Wandering Skipper Surveys
Surveys for Wandering Skipper at 10 sites in coastal San Diego County.

Current Distribution Rangewide

From Santa Barbara County, California to the southern tip of Baja California Sur, Mexico [1].

Known Populations in San Diego County

Buena Vista Lagoon, Batiquitos Lagoon, Agua Hedionda, San Elijo Lagoon, Los Penasquitos Lagoon, Famosa Slough, San Diego River Flood Channel, Sweetwater Marsh, D Street Fill, and Tijuana Estuary [2].

List Status

None [1].

Habitat Affinities

Coastal marshes and bluffs [1]. Prefers marshes with tidal flow [2]. Skipper abundance may be associated with size of Distichlis spicata patch and proximity to patch [1]. Common vegetation includes Frankenia salina and Salicornia sp.

Taxonomy and Genetics

Coastal bluffs may connect the coastal lagoon populations and help maintain gene flow [1]. Hesperiidae family.

Seasonal Activity

Adults fly July-November (July-December in Mexico) [2].

Life History/Reproduction

Saltgrass (Distichlis spicata) is the larval hostplant [3, 4]. Egg laying had not been recorded, but other grass skippers lay eggs in the seam of grass blades [2]. Incubation is about 10 days. Instar growth takes up to 45 days and pupation is 20-30 days. Males perch on grass blades awaiting females. Diapause occurs in the mature larval stage. Forms a hibernaculum.

Diet and Foraging

Larvae are nocturnal feeders [2]. Males and females are nectar feeders on flowers. Frankenia salina is a likely nectar source [1]. P. errans in coastal bluff sites may use Cakile maritima and Heliotropium as nectar sources.


Seventy-five percent of a P. errans populations are found within 25 meters of a Distichlis spicata patch over 1m2 in size.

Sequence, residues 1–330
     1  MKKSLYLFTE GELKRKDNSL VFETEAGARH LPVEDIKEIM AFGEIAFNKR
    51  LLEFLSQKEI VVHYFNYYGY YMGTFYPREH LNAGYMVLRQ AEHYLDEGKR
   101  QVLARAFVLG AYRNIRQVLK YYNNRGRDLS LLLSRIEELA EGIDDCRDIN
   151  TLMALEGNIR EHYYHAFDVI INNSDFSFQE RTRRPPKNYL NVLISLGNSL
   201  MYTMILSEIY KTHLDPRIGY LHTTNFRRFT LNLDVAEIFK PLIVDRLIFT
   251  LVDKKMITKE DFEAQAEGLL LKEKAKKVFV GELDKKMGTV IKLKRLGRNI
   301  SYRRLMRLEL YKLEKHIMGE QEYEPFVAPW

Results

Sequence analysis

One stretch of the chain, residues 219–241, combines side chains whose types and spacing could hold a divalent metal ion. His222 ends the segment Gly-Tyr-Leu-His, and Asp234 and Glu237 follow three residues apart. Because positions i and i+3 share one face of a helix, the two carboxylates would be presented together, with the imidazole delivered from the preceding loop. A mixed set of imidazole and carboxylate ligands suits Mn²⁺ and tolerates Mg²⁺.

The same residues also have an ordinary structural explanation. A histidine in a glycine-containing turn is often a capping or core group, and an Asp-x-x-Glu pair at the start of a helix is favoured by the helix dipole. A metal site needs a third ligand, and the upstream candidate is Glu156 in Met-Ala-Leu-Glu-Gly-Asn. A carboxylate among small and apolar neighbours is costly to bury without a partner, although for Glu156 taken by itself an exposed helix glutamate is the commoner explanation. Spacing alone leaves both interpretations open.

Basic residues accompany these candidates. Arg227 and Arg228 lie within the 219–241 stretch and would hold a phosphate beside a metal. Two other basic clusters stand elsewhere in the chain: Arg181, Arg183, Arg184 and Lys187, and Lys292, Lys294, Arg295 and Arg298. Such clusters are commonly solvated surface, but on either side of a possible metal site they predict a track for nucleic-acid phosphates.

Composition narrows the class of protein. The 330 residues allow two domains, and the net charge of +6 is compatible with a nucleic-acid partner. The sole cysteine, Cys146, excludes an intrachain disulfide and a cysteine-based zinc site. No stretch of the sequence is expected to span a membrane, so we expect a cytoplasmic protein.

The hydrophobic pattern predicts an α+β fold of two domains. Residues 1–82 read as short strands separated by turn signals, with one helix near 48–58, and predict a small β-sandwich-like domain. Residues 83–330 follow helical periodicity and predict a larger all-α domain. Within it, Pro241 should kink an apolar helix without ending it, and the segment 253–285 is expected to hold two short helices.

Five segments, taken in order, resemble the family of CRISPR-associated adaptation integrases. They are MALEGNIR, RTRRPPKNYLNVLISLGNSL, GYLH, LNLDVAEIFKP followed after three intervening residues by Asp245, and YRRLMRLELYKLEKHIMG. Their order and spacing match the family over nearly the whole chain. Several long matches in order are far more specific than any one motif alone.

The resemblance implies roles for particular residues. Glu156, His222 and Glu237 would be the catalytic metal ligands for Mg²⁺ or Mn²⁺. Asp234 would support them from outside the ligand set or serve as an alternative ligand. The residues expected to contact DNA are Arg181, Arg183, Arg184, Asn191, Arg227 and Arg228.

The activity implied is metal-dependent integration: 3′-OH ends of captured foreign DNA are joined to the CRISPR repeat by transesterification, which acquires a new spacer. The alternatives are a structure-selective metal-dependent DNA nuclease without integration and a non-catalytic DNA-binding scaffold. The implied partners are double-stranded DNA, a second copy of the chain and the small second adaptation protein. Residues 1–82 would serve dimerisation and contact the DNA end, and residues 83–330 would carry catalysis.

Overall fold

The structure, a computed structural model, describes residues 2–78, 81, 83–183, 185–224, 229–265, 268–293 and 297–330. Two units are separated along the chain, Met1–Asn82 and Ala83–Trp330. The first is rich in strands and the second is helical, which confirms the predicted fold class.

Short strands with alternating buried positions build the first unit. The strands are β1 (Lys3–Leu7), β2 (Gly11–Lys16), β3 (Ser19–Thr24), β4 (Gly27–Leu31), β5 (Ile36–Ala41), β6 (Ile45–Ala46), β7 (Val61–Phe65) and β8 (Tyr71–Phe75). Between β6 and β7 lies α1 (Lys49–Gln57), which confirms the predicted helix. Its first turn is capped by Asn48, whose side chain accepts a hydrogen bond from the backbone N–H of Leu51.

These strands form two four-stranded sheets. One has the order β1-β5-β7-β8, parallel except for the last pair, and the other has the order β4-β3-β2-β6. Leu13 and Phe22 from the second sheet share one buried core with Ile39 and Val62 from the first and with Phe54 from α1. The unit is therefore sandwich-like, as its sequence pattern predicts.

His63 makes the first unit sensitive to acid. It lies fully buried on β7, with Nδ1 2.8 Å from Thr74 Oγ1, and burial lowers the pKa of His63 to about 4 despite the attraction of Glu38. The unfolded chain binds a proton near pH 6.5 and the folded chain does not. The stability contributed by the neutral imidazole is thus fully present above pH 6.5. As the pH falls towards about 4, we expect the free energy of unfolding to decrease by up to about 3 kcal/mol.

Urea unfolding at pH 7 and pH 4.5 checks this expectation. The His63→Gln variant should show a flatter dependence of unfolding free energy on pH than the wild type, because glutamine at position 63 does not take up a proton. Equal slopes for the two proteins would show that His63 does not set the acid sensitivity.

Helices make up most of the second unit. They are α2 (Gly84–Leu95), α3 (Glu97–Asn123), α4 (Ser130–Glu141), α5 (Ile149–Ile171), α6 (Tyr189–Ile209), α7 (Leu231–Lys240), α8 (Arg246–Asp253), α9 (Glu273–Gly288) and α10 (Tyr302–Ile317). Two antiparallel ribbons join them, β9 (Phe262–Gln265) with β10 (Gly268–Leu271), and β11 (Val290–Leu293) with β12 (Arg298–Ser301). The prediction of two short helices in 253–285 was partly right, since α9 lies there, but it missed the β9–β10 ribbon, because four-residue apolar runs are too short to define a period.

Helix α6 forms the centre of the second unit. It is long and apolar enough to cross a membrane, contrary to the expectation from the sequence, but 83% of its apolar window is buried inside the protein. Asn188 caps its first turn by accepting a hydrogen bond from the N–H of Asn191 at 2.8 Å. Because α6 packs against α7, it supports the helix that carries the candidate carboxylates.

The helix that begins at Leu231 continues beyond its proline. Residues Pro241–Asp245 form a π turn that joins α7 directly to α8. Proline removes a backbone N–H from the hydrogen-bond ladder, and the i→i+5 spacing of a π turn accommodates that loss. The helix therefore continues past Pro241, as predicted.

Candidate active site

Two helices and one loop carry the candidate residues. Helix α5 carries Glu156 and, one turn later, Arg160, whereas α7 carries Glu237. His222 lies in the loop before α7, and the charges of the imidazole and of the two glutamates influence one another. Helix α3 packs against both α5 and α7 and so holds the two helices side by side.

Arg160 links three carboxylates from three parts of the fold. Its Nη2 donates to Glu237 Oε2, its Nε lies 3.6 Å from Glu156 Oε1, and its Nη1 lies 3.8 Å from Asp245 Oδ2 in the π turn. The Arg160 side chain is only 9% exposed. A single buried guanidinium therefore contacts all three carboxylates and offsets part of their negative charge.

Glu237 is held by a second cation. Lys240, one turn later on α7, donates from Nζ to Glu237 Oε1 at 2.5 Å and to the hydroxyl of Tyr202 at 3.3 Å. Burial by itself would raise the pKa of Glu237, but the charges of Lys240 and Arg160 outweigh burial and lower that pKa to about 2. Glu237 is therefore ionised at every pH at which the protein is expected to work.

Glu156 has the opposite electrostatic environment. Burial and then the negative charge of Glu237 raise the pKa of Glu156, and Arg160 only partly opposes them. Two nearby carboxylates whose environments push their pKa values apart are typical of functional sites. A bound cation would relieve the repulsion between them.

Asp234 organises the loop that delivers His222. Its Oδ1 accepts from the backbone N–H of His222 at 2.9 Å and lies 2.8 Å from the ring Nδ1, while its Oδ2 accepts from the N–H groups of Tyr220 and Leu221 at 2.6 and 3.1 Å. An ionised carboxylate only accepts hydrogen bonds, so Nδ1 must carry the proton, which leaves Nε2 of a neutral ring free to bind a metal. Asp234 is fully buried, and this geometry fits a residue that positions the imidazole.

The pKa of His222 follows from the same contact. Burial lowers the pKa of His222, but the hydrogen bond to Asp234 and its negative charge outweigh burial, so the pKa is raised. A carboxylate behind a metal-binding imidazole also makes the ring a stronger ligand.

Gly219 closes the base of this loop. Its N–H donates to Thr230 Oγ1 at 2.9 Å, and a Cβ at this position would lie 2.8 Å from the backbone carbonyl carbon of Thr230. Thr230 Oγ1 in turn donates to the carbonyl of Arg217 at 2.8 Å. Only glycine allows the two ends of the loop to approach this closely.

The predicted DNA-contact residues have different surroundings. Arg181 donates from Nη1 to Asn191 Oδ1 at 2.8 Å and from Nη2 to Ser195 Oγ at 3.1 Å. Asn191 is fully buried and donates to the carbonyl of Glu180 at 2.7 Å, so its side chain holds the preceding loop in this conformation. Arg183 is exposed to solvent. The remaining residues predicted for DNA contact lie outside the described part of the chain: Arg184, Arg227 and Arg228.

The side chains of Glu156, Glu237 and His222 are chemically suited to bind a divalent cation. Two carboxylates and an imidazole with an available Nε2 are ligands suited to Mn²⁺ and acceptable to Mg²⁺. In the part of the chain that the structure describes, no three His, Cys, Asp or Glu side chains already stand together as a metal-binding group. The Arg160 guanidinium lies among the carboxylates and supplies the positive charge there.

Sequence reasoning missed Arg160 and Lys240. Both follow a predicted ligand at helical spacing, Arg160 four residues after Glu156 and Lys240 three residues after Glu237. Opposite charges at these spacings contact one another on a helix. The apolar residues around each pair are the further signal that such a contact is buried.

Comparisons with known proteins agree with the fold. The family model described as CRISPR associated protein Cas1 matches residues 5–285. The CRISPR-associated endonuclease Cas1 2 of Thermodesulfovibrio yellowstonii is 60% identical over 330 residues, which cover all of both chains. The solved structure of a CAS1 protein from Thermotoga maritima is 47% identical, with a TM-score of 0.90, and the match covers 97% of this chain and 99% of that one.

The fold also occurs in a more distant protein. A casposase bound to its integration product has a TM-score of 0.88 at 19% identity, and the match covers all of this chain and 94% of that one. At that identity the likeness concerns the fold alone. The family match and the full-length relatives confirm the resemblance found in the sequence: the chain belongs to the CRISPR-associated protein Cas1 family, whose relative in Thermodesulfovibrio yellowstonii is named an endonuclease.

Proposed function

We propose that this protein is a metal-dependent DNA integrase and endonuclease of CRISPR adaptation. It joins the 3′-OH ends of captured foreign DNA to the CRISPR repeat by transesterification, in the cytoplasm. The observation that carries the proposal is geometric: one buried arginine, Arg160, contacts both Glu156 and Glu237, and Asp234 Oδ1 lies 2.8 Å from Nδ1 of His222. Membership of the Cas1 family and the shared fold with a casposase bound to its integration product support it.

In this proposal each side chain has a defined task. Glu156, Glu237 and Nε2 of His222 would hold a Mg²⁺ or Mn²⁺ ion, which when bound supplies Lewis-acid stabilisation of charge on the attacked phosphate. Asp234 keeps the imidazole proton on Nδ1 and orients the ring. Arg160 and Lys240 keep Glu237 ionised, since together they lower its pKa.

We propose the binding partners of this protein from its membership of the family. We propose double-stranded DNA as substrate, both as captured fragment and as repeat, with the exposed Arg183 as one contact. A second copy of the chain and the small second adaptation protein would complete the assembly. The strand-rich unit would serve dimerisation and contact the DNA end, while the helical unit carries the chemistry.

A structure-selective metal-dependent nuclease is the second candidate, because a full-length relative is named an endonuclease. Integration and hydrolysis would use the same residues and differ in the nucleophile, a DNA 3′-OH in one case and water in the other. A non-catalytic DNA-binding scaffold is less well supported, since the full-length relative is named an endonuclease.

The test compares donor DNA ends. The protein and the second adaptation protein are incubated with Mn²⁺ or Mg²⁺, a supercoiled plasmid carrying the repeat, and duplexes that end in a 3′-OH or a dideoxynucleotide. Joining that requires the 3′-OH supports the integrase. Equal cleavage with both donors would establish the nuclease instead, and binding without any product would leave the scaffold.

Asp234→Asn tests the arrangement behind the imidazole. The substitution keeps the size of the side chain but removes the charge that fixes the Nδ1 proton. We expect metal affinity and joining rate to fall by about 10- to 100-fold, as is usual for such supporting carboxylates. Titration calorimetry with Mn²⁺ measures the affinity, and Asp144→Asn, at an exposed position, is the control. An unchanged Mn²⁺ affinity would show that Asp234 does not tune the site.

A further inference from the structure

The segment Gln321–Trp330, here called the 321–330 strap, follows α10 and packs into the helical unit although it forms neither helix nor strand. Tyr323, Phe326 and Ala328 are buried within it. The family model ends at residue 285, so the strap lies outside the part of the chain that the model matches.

Filling and/or dredging of coastal wetlands [3]. Possible future threats from sea level rise [5, 6].

Special Considerations:

May be confused with salt marsh skipper (Panoquina panoquinoides), Eufala skipper (Lerodea eufala), Umber skipper (Poanes melane), and sandhill skipper (Polites sabuleti) [2]. It is recommended that surveys be conducted between 1000-1500 hours, when temperatures are between 18-32 degrees Celsius, and with a wind speed less than 10 mph [1].

Literature Sources

[1]     Greer, K. 2014. “Spatial Distribution and Habitat Assessment of Panoquina Errans ( Lepidoptera : Hesperiidae ) in San Diego County , California.” The Journal of Research on the Lepidoptera 47: 17–27.

[2] Faulkner, D. K., and M. W. Klein. 2012. Sensitive Butterflies of San Diego County, California. San Diego, CA: FLITE Tours, Inc.

[3] Wells, S.M., R.M.Pylem , N.M. Collins, and IUCN. 1983. The IUCN Invertebrate Red Data Book. Gland, Switzerland: IUCN.

[4] Brown, J.W. 1991. “Sensitive and Declining Butterfly Species (Insecta: Lepidoptera) in San Diego County, California.” Draft Report Prepared for Dudek and Associates.

[5] Reed, D. J. 1995. “The Response of Coastal Marshes to Sea-Level Rise: Survival or Submergence?” Earth Surface Processes and Landforms 20 (1): 39–48. doi:10.1002/esp.3290200105.

[6] Zedler, J. B. 1996. “Coastal Mitigation in Southern California: The Need for a Regional Restoration Strategy.” Ecological Applications 6 (1): 84–93. doi:10.2307/2269555.